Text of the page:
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A Missouri mom recently filed a new infant formula lawsuit in the U.S. District Court for the Eastern District of Missouri. She claims that after her premature baby was fed infant formula manufactured by Abbott Laboratories and Mead Johnson & Company, he developed serious injuries. She seeks to hold the defendants liable for emotional and economical damages.

Premature Baby Fed Cow’s Milk Formula Dies of NEC

According to the complaint, the plaintiff’s baby was born on September 13, 2021, at Mercy Hospital in St. Louis at 31 weeks gestational age. She weighed just 1535 grams.

Because she was premature, doctors had to give her additional nutrition to help her grow. They fed her Similac and/or Enfamil cow’s milk-based products. Shortly thereafter, she developed necrotizing enterocolitis (NEC), a life-altering and potentially deadly disease that largely affects premature babies given cow’s milk-based feeding products.

The disease occurs when tissue in the small or large intestines is invaded by bacteria, which causes local infection and inflammation. This can ultimately destroy the wall of the intestine, causing toxins inside to spill out into the abdomen.

NEC typically develops during the first several weeks after birth and causes symptoms like vomiting and diarrhea, abdominal distention and tenderness, delayed gastric emptying, and lethargy.

The plaintiff claims that on September 21, 2021, due to symptoms including a swollen abdomen, doctors performed an exploratory laparotomy. The procedure revealed signs of NEC totalis, a severe form of NEC that is necrotic and inoperable.

Doctors started the baby on comfort care and the plaintiff and her family visited the NICU (neonatal intensive care unit) for the last hours of the baby’s life. She passed away from NEC shortly after.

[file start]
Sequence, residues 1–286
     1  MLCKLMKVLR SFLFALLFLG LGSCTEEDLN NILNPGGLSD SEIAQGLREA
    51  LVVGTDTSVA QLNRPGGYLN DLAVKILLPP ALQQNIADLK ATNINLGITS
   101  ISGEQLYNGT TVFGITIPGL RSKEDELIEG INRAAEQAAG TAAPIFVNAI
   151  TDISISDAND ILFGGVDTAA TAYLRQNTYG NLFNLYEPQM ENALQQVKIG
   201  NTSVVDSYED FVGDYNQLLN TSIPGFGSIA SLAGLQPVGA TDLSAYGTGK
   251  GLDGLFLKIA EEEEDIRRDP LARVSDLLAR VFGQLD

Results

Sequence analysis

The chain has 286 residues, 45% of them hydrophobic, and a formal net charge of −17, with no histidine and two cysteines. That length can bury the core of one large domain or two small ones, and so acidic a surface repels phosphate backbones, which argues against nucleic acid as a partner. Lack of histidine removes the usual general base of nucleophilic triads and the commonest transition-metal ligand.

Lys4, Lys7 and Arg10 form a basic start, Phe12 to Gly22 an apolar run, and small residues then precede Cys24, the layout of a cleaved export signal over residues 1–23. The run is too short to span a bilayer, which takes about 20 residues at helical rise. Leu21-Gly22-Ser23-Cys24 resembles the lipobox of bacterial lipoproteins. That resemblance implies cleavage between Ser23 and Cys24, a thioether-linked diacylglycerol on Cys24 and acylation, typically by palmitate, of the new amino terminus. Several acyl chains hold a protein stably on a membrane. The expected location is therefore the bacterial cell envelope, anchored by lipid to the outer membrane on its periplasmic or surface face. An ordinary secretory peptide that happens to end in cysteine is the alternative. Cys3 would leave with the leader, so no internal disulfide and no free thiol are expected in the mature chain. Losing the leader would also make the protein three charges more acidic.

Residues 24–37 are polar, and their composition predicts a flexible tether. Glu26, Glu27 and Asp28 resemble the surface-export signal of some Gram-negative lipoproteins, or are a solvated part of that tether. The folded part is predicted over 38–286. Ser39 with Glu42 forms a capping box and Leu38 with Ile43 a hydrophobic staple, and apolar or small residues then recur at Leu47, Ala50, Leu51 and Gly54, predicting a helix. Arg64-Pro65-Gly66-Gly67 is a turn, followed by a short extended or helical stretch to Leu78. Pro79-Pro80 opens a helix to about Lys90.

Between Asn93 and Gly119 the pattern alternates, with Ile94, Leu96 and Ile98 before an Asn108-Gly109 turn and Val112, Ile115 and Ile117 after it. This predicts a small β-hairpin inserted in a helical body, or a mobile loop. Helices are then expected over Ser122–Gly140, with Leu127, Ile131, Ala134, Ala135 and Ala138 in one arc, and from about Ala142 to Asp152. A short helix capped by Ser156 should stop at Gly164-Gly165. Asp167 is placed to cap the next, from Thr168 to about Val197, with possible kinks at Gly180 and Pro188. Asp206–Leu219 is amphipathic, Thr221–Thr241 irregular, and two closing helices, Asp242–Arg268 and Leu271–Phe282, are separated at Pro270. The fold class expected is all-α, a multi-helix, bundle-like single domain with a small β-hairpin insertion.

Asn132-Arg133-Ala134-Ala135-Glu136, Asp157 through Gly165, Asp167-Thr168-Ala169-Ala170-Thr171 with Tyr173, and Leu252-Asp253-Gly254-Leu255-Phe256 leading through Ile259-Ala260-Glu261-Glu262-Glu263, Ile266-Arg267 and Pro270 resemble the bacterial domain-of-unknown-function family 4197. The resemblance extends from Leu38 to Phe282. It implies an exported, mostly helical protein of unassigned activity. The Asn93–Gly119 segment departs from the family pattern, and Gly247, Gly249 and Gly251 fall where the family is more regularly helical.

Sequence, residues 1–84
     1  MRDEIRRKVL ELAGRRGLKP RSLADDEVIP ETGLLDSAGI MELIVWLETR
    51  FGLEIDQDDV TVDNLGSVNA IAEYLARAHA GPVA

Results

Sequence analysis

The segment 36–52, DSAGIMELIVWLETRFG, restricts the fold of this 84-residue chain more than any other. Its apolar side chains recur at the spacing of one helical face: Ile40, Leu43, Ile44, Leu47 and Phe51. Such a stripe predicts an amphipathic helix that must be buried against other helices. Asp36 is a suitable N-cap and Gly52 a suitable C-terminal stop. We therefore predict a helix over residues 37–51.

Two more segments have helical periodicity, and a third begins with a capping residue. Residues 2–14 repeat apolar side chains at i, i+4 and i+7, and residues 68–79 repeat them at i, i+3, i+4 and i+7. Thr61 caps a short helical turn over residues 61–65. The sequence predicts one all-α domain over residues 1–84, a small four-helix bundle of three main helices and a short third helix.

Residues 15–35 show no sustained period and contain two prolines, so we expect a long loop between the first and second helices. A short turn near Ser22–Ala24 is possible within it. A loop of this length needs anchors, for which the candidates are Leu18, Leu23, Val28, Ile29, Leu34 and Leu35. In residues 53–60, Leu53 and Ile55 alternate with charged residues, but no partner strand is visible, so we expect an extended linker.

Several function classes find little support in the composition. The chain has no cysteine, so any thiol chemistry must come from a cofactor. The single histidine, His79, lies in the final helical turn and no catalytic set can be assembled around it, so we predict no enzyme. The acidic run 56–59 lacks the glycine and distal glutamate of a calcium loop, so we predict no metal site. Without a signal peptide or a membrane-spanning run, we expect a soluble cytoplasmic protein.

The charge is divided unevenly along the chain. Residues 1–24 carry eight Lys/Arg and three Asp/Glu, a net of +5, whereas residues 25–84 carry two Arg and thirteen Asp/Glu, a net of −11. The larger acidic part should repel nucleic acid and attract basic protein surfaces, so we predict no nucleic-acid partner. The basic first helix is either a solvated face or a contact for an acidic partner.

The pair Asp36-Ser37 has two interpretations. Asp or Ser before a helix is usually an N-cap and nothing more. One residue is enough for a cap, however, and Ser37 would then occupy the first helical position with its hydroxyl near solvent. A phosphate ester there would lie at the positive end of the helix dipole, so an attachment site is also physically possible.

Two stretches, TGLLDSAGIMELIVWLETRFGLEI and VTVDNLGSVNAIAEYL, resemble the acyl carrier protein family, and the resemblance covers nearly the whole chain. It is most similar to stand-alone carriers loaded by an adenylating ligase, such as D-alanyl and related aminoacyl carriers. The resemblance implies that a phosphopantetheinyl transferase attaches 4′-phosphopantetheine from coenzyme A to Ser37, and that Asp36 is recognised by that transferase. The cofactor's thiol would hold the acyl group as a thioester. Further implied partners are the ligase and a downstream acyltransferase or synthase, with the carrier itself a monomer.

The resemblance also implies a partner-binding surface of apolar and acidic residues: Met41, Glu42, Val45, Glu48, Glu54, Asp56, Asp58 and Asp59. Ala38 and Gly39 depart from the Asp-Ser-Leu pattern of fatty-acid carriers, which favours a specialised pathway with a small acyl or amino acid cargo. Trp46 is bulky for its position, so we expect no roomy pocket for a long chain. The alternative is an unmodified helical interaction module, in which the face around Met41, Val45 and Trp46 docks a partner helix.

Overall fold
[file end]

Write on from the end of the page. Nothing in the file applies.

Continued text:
Studies Link Cow’s Milk-Based Formula to NEC in Premature Infants

Preterm and low-birth-weight infants are especially susceptible to NEC because of their underdeveloped digestive systems. Several studies have found that cow’s milk-based feeding products can increase the risk of NEC in these infants, which in turn may lead to other medical complications, surgeries, long-term health problems, and death.

As far back as 1990, a study on 926 preterm infants found that NEC was six to ten times more common in exclusively formula-fed babies than in those fed breast milk alone and three times more common in those who received formula plus breast milk.

A later 2010 study found that when premature babies were fed an exclusive diet of mother’s milk, donor milk, and human milk fortifier, they were 90 percent less likely to develop surgical NEC. Other studies have found similar results, showing that cow’s milk-based formula puts premature infants at a much greater risk of NEC.

The American Academy of Pediatrics (AAP) has advised that all premature infants be fed an exclusive human milk diet, and researchers wrote in a 2017 study that human milk is the “preferred diet for preterm infants as it protects against a multitude of NICU challenges, specifically necrotizing enterocolitis.”

The plaintiff notes that there is a range of options available that allow preterm and low-birth-weight infants to be fed exclusively human milk-based nutrition. The defendants’ products displace the breast milk these infants could otherwise receive, increasing their vulnerability to NEC. She seeks to hold them liable for false and misleading marketing claims that mislead parents and doctors into thinking their formulas are safe for vulnerable children.

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